15 seconds to fame: TikTok revolutionizing the music industry


Photo Credit: Logaster Blog

TikTok songs are ever-popular with the app growing, but it’s questionable whether their popularity reflects quality.

15 seconds is all it takes to launch a previously underground artist into stardom, to give them unmeasurable fame and recognition, to change their lives. 15 seconds is all it takes for a viewer to like a TikTok or share it with their friends, but for an artist, it can change their lives forever. 

For many unknown musicians, this is a dream come true. Through TikTok, new artists have more accessibility to a successful music career than ever before, creating an impact that stretches across the entire music community. 

One such artist is Gayle with her hit song, “abcdefu.” The song gained traction when a comment asked her to write a breakup song using the alphabet. However, this comment was not organically written by a fan but rather by her marketing manager. Her TikTok response to this comment became viral, allowing her to acquire more success, such as being nominated for the Grammys’ Song of the Year award and performing alongside Taylor Swift in her Eras Tour. 

However, the song itself does not contain meaningful lyrics or incite an emotional response, both of which are characteristic of a good song. Gayle also released multiple versions of “abcdefu,” none of which were drastically different from the original. This blatant attempt to gain more streams made it even more obvious that the song was just a publicity stunt. 

In addition, multiple versions of the song, which were not drastically different from the original, were released, increasing the song’s streams, but making it more obvious that it was all just a publicity stunt. 

In a Business Insider article named “How TikTok is Changing the Music Industry,” Jesse Callahan, founder of a marketing firm, explained that TikTok is “a big way that labels have brought artists into the spotlight the last couple of years.”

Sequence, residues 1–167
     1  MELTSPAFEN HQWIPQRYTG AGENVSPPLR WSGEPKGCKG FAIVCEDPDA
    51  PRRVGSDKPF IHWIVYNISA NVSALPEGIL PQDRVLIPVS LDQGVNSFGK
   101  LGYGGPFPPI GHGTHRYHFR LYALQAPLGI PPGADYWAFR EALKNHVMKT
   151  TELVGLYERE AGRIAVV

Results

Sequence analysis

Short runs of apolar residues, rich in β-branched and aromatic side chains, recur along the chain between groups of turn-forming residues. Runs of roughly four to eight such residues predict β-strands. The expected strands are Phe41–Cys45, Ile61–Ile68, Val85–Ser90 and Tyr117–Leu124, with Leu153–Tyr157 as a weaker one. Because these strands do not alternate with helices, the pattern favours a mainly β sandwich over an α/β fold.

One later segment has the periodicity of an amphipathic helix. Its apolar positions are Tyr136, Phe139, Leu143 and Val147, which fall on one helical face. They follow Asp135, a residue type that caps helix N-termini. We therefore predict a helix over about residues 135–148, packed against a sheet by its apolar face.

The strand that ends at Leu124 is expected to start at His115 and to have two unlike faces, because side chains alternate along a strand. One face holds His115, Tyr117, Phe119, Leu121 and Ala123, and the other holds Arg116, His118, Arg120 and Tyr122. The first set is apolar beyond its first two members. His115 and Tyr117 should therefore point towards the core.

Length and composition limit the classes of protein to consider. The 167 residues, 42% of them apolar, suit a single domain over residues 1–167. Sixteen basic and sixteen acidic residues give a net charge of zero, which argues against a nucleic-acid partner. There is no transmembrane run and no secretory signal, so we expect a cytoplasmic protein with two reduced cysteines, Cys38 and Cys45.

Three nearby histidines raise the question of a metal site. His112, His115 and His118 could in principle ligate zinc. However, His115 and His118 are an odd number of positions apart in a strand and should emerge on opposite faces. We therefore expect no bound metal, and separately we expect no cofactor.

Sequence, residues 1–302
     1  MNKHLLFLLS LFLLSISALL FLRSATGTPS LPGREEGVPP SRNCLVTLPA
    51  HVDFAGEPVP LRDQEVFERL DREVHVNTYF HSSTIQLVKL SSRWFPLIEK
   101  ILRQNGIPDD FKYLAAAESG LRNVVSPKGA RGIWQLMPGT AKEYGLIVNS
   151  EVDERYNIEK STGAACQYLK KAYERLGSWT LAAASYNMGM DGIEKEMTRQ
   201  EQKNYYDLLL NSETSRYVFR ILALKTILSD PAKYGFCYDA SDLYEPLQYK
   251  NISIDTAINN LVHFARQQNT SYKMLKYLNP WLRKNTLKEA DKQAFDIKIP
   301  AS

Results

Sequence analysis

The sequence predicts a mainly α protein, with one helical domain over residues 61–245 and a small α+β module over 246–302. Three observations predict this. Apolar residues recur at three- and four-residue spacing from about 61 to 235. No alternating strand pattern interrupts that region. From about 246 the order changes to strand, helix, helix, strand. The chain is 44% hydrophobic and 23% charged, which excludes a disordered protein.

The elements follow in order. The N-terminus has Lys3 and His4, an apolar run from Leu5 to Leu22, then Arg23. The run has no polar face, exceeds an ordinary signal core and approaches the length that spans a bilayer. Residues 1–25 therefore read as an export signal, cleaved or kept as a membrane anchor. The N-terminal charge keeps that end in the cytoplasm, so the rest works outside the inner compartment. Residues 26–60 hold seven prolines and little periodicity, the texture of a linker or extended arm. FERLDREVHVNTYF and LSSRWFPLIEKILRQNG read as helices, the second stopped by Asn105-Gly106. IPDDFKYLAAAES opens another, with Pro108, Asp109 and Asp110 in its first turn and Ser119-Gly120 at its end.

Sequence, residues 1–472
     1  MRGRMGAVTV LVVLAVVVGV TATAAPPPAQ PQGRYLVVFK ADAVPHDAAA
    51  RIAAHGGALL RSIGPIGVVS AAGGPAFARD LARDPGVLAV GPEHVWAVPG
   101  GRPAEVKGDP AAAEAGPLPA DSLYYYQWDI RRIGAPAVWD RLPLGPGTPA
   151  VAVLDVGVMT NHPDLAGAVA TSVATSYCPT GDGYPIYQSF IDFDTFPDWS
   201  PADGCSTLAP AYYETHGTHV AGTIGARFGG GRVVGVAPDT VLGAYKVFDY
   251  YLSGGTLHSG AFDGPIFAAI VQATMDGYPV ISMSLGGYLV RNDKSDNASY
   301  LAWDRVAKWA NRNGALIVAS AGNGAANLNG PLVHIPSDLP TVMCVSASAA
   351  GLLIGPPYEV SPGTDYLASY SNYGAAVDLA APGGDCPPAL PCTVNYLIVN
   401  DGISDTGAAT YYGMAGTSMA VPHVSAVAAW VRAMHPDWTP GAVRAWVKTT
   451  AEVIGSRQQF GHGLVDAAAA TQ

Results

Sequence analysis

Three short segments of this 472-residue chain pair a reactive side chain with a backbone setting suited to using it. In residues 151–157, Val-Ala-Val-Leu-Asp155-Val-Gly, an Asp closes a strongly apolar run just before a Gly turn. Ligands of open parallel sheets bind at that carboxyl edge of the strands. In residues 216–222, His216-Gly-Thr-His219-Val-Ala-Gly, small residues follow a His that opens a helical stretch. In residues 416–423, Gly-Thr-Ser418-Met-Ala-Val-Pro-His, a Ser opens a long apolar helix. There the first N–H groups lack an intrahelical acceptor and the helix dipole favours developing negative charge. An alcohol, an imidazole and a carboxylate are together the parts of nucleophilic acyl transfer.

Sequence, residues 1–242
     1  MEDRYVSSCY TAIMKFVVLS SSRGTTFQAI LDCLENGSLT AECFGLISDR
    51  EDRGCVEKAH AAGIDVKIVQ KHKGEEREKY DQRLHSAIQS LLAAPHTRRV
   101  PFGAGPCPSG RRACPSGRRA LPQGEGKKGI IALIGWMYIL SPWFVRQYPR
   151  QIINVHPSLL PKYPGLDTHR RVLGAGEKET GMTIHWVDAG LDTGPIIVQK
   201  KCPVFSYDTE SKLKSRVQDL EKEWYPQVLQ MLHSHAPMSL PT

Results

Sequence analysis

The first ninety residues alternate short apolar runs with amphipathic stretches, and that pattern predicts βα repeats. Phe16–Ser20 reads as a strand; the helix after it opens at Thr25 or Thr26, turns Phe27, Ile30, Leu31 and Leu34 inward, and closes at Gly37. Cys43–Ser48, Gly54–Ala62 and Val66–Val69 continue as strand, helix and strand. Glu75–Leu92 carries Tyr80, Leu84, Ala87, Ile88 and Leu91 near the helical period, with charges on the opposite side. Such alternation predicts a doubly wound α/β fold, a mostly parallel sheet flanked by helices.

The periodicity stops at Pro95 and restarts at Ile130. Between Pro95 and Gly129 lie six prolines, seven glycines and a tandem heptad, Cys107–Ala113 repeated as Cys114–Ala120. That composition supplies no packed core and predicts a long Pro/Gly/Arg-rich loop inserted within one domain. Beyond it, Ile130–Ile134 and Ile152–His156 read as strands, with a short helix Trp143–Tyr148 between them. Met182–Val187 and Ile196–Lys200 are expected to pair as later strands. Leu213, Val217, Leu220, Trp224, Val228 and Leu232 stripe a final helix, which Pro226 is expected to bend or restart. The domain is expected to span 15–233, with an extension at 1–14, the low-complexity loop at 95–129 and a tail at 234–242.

Many singers get the chance to promote their music on TikTok, and large labels discover these artists and offer them contracts in return for creating a strong social media presence. In 2019, Australian singer and busker Inoxia went viral on Tik Tok when a stranger recorded her performance and uploaded it on the app. As a result, the singer received many amazing record deals, but was told that she should become more of an influencer in order to maintain her success. The artist, displeased with these deals, ultimately returned to busking; her passion was singing, not making videos.

Tiktok’s wave of influence has not only reached independent artists, but also record labels who are losing their tight control over the music industry. Established artists are increasingly pressured by their labels to create TikToks to promote their new songs, hoping for a trend. For example, alternative pop singer Halsey expressed how she dislikes the app due to the pressure that label pushes on her to get viral with a TikTok trend.

Basically I have a song that I love that I wanna release ASAP, but my record label won’t let me,” Halsey said in a TikTok post. “My record company is saying that I can’t release it unless they can fake a viral moment on TikTok.

The fleeting trends and insured hits of the TikTok music industry have led to more artists gearing their music to obtain their 15 seconds of fame

In addition, when songs go viral on Tik Tok, artists are often forced to release them. Bebe Rexha and David Guetta’s song “I’m good (blue)” was originally never released until it became viral on Tik Tok. The track, based on Eiffel 65’s smash hit “Blue (Da ba dee),” was initially shelved during the time of its creation in 2017 because the artists believed that it wasn’t good enough. However, after the simple song was shared throughout Tik Tok, the artists revisited it and officially released it.

The idea of songs being resurrected on Tik Tok is not a new concept, and many singers reveal clips of their songs on tik tok before officially releasing them. By doing this, they build up excitement around the song, so when the song is officially released, it is guaranteed to garner attention even if it doesn’t sound good. Charlie Puth is an artist who used this method to build hype for his hit song “Light Switch.” By creating various tik toks ahead of time asking viewers to “imagine a song that sounded like this” or “what if we added a guitar to it?” This form of promotion allowed viewers to feel involved in the song’s production and when it was officially released, many were excited to listen to a song that they felt like they helped create.